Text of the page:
At this age they know they should eat with their child-size knife and fork or spoon, even though they cannot always manipulate the utensil. This is the lesson that takes patience on the part of the parent/caregiver. The child may not yet be able to manage his/her utensils until s/he has broken the food down and felt it's consistency. Like a scientist s/he will dissect the food into the tiniest of crumbs in order to get a feel for how best to conquer the task of using the utensil.
Out of the corner of your eye, it is so interesting to watch them trying to figure it out. They'll chop, say, a piece of corn bread into crumbs with their child-size knife and fork. With the fork they'll try lifting lots of tiny crumbs up to their mouth, which falls off most of the time. Then they try the spoon. It works. That's when you pipe in with a piece of corn bread in your hand to say, "Corn bread is so crumbly, you can eat it with your fingers one bite at a time." They also discover on their own that they cannot eat yogurt or ice cream with a fork. This is all part of the process. Patiently allow her/him to experiment in a controlled setting in order for them to find their manners at the table. Once s/he takes command of their utensils, they'll proudly use them, much to your step-sister-in-law's delight.
As for dinner conversation, it wouldn't be about the experimentation that is on-going. The child will be so engaged that s/he will not feel needy for attention – for a least a couple of minutes. It is best not to discuss table manners too much while eating experimentally or they will become so self-conscious that they'll lose interest too quickly in exploring the possibilities. As I said, let them experiment with their food and, yes, they may need a rubber child's tray under their plate, and you may need to place a cloth on the seat of their chair as well as underneath to catch all those minuscule crumbs before calling in the dog to lick them up. ~Didi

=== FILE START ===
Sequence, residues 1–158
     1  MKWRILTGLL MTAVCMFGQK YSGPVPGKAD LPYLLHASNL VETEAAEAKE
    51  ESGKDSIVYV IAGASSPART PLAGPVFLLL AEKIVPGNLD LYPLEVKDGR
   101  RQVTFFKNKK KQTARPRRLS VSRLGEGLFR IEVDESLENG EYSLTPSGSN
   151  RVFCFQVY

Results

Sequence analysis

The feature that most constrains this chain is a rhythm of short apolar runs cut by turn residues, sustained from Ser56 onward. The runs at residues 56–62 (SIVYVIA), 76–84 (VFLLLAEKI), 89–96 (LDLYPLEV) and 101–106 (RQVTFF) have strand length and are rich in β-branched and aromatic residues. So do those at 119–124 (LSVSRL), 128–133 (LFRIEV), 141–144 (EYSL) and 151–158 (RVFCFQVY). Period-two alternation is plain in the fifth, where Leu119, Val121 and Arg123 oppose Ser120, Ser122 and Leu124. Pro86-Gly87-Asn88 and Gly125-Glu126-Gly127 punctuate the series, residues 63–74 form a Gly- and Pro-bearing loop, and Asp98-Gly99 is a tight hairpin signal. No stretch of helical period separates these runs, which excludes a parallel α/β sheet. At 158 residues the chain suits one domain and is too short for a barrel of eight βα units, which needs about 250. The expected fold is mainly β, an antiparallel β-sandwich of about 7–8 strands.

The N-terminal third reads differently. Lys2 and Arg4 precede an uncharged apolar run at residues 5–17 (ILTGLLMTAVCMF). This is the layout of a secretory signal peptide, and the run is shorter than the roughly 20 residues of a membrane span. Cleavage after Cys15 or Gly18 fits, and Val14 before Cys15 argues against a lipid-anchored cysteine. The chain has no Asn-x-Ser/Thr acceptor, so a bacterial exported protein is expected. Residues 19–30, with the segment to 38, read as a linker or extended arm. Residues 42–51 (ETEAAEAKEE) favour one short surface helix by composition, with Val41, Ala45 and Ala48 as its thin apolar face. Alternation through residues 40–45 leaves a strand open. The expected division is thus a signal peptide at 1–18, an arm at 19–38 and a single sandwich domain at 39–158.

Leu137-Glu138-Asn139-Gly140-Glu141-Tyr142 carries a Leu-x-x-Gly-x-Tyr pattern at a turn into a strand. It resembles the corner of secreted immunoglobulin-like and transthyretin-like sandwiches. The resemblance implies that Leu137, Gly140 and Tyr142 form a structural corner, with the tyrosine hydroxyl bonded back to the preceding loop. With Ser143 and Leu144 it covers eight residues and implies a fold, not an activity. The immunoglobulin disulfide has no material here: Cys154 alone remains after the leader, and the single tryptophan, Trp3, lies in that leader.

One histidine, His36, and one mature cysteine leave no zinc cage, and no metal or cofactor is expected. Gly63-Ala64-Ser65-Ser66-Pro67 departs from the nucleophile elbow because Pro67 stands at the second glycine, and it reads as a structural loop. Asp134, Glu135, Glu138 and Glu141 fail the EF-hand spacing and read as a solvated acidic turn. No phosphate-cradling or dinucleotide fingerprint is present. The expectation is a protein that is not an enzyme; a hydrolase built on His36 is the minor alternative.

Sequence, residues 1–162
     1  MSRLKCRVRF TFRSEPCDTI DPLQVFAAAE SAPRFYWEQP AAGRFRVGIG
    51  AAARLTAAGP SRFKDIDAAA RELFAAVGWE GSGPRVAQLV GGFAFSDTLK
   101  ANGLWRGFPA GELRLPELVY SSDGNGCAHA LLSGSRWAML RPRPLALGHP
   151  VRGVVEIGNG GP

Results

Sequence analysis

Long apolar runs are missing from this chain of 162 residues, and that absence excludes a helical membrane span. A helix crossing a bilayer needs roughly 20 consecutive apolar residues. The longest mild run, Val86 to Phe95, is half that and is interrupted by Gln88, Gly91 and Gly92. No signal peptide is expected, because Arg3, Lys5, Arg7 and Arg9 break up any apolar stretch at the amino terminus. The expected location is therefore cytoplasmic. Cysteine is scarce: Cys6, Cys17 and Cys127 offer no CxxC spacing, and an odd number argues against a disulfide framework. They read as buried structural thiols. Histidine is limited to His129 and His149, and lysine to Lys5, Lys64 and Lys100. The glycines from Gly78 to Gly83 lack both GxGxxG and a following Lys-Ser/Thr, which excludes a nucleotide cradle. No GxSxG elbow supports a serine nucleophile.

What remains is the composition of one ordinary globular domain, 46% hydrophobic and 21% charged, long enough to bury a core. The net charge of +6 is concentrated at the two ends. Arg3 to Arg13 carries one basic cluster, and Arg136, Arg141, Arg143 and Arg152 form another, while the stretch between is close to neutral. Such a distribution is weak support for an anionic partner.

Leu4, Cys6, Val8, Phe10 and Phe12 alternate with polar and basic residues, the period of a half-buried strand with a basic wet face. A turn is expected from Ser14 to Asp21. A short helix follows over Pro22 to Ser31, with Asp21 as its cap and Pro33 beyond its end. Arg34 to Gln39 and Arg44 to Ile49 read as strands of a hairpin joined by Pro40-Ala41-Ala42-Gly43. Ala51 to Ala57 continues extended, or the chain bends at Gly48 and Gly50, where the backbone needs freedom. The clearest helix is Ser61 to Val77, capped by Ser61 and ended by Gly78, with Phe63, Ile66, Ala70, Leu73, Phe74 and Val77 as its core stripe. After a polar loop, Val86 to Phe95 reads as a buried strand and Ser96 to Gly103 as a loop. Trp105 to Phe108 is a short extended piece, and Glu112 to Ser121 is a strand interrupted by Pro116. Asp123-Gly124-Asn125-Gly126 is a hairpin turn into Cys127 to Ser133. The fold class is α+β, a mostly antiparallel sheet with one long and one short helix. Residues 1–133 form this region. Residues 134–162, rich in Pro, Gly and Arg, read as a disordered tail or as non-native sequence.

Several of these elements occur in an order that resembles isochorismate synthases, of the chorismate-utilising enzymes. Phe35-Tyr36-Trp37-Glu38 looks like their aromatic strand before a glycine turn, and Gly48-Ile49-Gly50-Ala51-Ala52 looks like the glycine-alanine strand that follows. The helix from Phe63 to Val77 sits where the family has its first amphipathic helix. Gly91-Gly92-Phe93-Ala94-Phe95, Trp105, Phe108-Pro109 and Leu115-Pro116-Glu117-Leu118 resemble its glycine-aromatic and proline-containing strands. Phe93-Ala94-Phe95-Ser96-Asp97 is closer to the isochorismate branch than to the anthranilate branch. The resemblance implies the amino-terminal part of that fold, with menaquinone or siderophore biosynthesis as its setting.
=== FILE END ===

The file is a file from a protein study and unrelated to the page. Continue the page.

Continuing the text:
Do you have a question for Didi? Visit her at NewportManners.com. We can withhold your name and location. Didi researches etiquette and all matters of manners for her book,"Newport Etiquette." Previous weekly GoLocalProv.com columns can be found by typing in Didi Lorillard in the above lefthand search.
Related Slideshow: 10 New England Wine Getaways
Carolyn's Sakonnet Vineya
Carolyn’s Sakonnet Vineyards in Little Compton is much more than just a winery—it is a place to get away from the stresses of life and indulge your senses, a place to try new things, a place to focus on you. The vineyard is open every day, and invites you to come for a tasting and tour. Try their Petite Red, Vidal Blanc, and many more of their distinctive wines.
162 W Main Road, Little Compton, RI. (401) 635-8486.
Visit Greenvale Vineyards in Portsmouth to sample their estate grown and produced wine, made in small batches. While at the estate, try seven different wines and keep the wine glass for only $12. While you are tasting, take in the gorgeous views of both the vineyard and river. Besides tasting the wines, Greenvale also invites customers to tour the winery and learn about the history and process of winemaking at the vineyard.
582 Wapping Road, Portsmouth, RI. (401) 847-3777.
Maugle Sierra Vineyards